The ruins of Jahanpanah are a curious lot. Not much survives of the famed capital city of Mohammad Tughluq. A cluster of buildings in south Delhi near Kalu Sarai, locally known as Vijay Mandal, are believed to be the remains of Jahanpanah. Our heritage walk in this complex explores the stories of this city of Delhi.
It was widely believed by Mohd. Tughluq’s contemporaries that he killed off his father, Sultan Ghiysuddin Tughluq, to get to the throne. And the guilt of this act would not let him be at peace in his father’s citadel, Tughluqabad. So he first created a small citadel for himself called Adilabad & then planned to make a new capital city larger than anything Delhi had seen before. His plan was to enclose the older cities of Delhi-Lal Kot, Qila Rai Pithora, Siri-within a boundary wall, which would also have his new palace and court. Mohd. Tughluq called it the ‘Jahanpanah’ or refuge of the world. The Vijay Mandal is what remains of his palace. As we entered the complex, a lush field of grass lay before us, leading on to the citadel. The overnight rains had left a heavy mist around a complex, making the complex look like a retreat at a hill station.
The first cluster of monuments appears immediately to your right: a small graveyard, under a large shady tree, along with remains of a rectangular pavilion. The burials are said to be that of a sufi saint from Jaunpur, Shaikh Hasan Tahir and his family or followers. Shaikh Hasan had a solid reputation has a scholar of ‘wahadat ul wujud’ or the doctrine of ‘unity of being’. Sultan Sikander Lodi (whose tomb is in Lodi Garden) was said to have been so impressed with the saint, he invited him over to Delhi. The buildings in the complex which we have not been able to identify, have been conveniently attributed to Shaikh Hasan-his hospice, his madrasa, his prayer chamber & so on 🙂 . Sikander Lodi’s brother ruled at Jaunpur and he too was a follower of the saint.
Follow the narrow trail in the grass which leads you to the main citadel. There is a large building to the right. Nobody has a clue to its purpose or antecedents, so we will call it the ‘curious, domed building’. Some say this might have been the place where Shaikh Hasan lived while he was in Delhi. Entry to palace area is through a series of narrow steps. The first level is made up of remains of a hall & ‘treasure pits’. If you look carefully at the ground, there is a series of square blocks. These are pillar bases and they go all around the existing halls. This is what has been identified as the famed ‘Hazar Sutun’, the hall of thousand pillars. Some of the most extensive descriptions of this hall and rest of Mohd. Tughluq’s palace, appear in the travelogue of Ibn Battuta.
He was a Moroccan who travelled all over the world, including Arabia, Persia, China, and India. His recent claim to fame in Bollywood has been that he featured in the title song of the Hindi movie ‘Ishqiya’. Hindi poet Sarveshwar Dayal Saxena has a children’s poem named after him. Ibn Battuta spent a few years at Mohd Tughluq’s court and gives a vivid description of everything he sees. He mentions the samosa (samusa), seeing the rhinoceros in Punjab, a sati, cities-their architecture & shrines, and all the gossip as well. So he plainly accuses Mohd. Tughluq and the chief architect Khwaja Jahan of murdering Sultan Ghiyasuddin Tughluq; and on the other hand he does not hesitate to praise Mohd Tughluq’s large heartedness. Many a stories in his account are set in the public audience hall of Jahanpanah, the Hazar Sutun.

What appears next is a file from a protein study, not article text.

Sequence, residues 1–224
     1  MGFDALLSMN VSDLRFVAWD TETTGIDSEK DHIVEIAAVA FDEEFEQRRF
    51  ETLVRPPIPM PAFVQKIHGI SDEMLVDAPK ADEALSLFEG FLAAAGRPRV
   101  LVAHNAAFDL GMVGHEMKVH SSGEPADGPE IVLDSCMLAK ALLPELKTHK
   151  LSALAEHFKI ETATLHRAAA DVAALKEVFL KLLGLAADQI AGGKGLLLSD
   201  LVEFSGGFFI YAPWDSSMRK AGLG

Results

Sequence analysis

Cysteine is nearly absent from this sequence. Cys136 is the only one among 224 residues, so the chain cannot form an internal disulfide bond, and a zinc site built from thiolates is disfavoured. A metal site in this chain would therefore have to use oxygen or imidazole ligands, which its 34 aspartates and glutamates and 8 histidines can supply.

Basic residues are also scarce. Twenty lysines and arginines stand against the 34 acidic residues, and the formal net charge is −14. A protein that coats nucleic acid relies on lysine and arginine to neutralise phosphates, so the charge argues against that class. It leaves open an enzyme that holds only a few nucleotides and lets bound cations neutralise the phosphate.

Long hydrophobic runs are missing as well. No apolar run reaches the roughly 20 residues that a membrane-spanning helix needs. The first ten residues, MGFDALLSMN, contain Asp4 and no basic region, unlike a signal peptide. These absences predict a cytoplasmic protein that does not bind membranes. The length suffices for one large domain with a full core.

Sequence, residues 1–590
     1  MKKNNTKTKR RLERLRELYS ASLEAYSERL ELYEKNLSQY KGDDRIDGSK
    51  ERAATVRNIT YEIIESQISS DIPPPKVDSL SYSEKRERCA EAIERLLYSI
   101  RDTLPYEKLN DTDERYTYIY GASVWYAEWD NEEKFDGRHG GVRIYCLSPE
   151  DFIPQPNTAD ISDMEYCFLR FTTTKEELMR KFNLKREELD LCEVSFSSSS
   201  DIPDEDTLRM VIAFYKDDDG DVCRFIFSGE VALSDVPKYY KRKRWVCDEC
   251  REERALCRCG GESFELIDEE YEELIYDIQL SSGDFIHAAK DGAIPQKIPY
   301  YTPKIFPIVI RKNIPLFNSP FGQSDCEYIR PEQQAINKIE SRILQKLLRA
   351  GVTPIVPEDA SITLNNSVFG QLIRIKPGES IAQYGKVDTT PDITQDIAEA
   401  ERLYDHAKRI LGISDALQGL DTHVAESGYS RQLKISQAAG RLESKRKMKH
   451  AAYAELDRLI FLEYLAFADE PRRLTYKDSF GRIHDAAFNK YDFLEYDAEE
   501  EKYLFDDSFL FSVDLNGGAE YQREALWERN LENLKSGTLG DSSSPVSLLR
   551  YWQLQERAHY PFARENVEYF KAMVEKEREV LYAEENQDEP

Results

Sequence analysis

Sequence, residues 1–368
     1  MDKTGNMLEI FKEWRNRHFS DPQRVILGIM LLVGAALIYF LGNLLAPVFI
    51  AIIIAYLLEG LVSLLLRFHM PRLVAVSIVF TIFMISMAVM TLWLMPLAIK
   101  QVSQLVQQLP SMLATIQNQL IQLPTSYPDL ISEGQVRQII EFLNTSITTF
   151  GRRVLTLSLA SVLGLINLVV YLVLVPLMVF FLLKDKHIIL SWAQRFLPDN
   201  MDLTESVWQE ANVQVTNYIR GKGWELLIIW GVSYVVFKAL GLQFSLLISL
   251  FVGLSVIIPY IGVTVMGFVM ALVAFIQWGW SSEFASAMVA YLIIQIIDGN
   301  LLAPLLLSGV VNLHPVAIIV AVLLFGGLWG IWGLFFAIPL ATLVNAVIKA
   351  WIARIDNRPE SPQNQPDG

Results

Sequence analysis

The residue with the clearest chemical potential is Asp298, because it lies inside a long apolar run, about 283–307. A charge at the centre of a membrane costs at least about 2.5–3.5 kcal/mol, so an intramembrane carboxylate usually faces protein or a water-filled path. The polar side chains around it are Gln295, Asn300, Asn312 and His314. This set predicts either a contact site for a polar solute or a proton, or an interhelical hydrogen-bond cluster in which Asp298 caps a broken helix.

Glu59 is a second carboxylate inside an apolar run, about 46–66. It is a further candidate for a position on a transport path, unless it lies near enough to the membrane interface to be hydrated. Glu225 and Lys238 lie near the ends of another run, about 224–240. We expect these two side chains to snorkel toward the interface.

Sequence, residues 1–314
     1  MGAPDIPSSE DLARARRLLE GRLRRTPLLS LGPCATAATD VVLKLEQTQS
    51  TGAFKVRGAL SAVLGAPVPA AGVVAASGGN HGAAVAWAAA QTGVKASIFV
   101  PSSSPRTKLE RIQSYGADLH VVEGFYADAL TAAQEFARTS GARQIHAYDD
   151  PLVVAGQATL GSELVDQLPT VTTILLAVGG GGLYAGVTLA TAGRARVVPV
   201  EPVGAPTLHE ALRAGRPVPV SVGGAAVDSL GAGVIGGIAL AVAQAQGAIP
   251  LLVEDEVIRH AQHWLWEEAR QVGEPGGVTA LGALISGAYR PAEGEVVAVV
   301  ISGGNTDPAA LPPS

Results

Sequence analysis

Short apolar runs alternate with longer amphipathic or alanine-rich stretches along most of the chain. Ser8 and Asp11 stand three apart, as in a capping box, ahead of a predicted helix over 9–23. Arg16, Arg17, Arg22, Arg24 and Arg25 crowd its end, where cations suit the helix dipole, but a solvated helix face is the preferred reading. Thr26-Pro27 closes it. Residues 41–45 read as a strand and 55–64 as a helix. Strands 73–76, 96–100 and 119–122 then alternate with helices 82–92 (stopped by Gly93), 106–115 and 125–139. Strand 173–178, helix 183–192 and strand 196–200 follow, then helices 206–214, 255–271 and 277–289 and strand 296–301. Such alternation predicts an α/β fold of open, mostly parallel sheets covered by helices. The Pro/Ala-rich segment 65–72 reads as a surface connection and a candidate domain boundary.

Climb up another level & you reach the octagonal pavilion, open from all sides. There are two narrow staircases leading to the roof of the pavilion. Standing here, one does get a sense of grandeur of the capital city. The Begumpur Masjid, the next stop on our heritage walk is visible close by. On a clear day one can see as far as Mehrauli, which would have been part of Jahanpanah. The Begumpur mosque is one of the grandest buildings in Delhi, although one of the least visited. Some say that the mosque was the Jama Masjid of Jahanpanah. Others maintain that this is one of the seven mosques built by the Khan i Jahan Tilangani & his son Khan i Jahan Jauna Khan during the reign of Firuz Shah Tughluq. Khan I Jahan Tilangani was the Prime Minister of Firuz Tughluq & was succeeded by his son Jauna Khan to the post. The duo was extremely powerful, so much so that Khan I Jahan Tilangani was called the ‘king of Delhi’ by the Sultan himself!
One is filled with a sense of wonder upon entering the Begumpur Mosque. The courtyard is vast & enclosed by a vaulted arcade on all four sides. The entry is through the east gate. The mosque is plain, still awe inspiring. We rambled through its arcade to its northern wall, which has a tiny niche. This is the way to the women’s prayer hall, which is built at a height from the courtyard. The stairs continue up to the roof from which one gets a magnificent view of the mosque, Begumpur village & the Kalu Sarai area.
(posted by Kanika Singh & Awadhesh Tripathi, team members, Delhi Heritage Walks)